Anonymous Coward says:

As long as it’s not totally net based so you can work off-line and there are continuous updates as part of the service I would definitely subscribe to something like this.

I just paid over $300 for Office 07 on my Vista based machine, but I’m the guy that will use it until it’s completely obsolete, which could be 5-7 years like office 2000 was for me. If they charged me $10 a month and updated the software on a regular basis, making my files compatible for the long haul, I would be much happier and they would end up getting more money out of me. It’s a win-win situation. Any extra features they provided, like remote access, would just be icing on the cake for me.

One major benefit I could see from this would be subscribing to each program individually instead of a suite. I don’t need all the programs that came with the version I purchased, but I needed PowerPoint, so I had to buy the second level up in packages.

Eric the Grey says:

Unless it's cost prohibitive.

I can see this working well, so long as the cost does not end up being prohibitive. Currently, One Care costs ~$50 a year, which is about the same price for one of the retail anti-virus or all-in-one security products. How much more will it cost the end user to add in Office?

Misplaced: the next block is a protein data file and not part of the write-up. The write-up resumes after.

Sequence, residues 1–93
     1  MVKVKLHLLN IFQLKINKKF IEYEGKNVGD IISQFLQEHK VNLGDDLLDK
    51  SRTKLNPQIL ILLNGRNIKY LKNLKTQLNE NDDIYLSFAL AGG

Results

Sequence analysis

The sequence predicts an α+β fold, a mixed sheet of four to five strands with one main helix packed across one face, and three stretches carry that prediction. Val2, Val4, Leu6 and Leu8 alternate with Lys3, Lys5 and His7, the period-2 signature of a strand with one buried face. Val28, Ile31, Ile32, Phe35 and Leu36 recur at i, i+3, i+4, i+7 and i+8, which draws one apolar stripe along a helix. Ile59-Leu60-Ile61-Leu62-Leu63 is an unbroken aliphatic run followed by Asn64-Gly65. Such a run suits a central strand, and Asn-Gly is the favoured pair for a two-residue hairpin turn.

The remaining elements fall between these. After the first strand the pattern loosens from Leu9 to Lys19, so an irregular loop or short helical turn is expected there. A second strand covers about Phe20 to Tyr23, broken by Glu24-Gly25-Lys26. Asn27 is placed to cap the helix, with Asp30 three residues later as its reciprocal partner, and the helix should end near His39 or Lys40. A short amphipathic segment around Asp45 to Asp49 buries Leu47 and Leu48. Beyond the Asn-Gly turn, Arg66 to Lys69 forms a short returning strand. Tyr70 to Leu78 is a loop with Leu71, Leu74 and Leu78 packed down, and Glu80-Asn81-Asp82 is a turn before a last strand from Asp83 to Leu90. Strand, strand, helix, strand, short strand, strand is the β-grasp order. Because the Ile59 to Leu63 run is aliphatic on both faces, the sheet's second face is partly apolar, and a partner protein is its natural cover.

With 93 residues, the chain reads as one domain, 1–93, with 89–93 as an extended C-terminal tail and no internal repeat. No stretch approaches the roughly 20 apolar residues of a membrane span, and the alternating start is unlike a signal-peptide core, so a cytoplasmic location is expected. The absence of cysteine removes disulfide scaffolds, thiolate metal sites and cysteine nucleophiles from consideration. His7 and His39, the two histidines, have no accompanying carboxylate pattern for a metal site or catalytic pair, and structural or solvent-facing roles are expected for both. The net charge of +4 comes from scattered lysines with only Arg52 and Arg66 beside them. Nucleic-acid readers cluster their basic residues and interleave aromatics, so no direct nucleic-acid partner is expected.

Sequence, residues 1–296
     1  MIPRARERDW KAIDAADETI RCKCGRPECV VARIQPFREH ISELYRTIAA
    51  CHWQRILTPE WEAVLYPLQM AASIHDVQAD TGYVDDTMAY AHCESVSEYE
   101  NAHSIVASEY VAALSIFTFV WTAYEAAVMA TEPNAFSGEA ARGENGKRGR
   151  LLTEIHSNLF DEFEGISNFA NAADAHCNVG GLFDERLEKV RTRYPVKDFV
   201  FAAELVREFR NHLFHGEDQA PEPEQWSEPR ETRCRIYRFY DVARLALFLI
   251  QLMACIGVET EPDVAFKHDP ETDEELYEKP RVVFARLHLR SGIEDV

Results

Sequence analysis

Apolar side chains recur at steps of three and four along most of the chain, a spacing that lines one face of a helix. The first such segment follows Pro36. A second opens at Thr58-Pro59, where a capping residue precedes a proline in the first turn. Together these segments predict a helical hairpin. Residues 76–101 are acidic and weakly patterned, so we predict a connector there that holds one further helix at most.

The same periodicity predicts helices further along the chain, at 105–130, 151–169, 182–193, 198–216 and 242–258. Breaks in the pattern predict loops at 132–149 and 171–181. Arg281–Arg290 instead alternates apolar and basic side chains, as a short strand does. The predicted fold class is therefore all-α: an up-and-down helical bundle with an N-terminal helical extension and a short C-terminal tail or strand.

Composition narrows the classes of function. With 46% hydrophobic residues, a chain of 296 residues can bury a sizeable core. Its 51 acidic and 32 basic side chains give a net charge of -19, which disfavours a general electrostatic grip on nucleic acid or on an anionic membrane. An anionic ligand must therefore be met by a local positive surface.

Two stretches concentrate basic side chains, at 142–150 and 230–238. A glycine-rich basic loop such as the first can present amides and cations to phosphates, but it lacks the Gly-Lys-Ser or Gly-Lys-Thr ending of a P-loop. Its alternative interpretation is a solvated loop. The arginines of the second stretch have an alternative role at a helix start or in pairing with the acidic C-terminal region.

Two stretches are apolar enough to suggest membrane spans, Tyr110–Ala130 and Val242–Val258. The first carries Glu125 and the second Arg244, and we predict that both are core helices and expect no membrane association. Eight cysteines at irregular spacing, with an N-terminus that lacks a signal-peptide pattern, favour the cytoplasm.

If you take how long between each upgrade of office you do, and how much you spend for each, the overall cost has to be lower, or people won’t stick with it.

I doubt I’ll ever do it. More because I refuse to pay Microsoft for One Care to help protect my machine from security flaws in their own operating system. Personally, this service should be provided free for those who paid for the OS.

One of these days, I won’t be forced by my desire for cool games to keep windows on my PC.


MLS (profile) says:

There are just far too many privacy issues involved here that lead me to believe this is not likely to be a successful endeavor.

I suspect this proposed business model will run smack dab into the brick wall of open-source and/or freeware that is deemed good enough.

The are some upsides from the standpoint of hardware (perhaps less memory, drive size, etc.), but on the whole I am certainly not one who would use such a service.

If MS really wants to make a killing, it might just try cutting its prices from stratospheric levels.

Walter Dnes says:

Business will pay for stability

When Y2K came along, a lot of legacy applications were found that had benn running for over 20 years. Business is willing to pay for stability. A lot of businesses complain about new versions of Windows not because of cost of the new OS, but rather, because of the cost of re-writing their in-house apps that break under the new OS (Operating System or Office Suite). And let’s not forget the 5-year-old printer or scanner that manufacturers refuse to write Vista drivers for. That’s why people (including businesspeople) are urging MS to keep XP alive.

XP has been a long-lived exception to the rule. Let’s say you bought operating systems for several years…

1994 DOS 6 plus Windows for Workgroups
1995 Windows 95
1996 Windows 95 OSR2
1998 Windows 98
1999 Windows 98 SE
2000 Windows 2000
2001 Windows XP